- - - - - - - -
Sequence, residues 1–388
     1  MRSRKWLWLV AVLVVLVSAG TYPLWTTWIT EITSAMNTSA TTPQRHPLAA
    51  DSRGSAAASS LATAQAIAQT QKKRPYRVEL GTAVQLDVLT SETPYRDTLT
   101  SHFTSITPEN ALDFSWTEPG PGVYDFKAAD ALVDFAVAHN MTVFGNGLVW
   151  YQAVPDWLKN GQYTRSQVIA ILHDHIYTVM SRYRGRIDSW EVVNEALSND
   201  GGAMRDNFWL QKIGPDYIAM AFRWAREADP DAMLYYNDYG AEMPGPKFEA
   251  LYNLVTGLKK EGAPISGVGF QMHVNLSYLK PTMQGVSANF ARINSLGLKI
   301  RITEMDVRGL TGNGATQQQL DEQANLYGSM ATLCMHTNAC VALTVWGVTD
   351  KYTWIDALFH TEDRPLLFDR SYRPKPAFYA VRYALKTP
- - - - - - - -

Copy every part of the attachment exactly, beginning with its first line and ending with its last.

Sequence, residues 1–388
     1  MRSRKWLWLV AVLVVLVSAG TYPLWTTWIT EITSAMNTSA TTPQRHPLAA
    51  DSRGSAAASS LATAQAIAQT QKKRPYRVEL GTAVQLDVLT SETPYRDTLT
   101  SHFTSITPEN ALDFSWTEPG PGVYDFKAAD ALVDFAVAHN MTVFGNGLVW
   151  YQAVPDWLKN GQYTRSQVIA ILHDHIYTVM SRYRGRIDSW EVVNEALSND
   201  GGAMRDNFWL QKIGPDYIAM AFRWAREADP DAMLYYNDYG AEMPGPKFEA
   251  LYNLVTGLKK EGAPISGVGF QMHVNLSYLK PTMQGVSANF ARINSLGLKI
   301  RITEMDVRGL TGNGATQQQL DEQANLYGSM ATLCMHTNAC VALTVWGVTD
   351  KYTWIDALFH TEDRPLLFDR SYRPKPAFYA VRYALKTP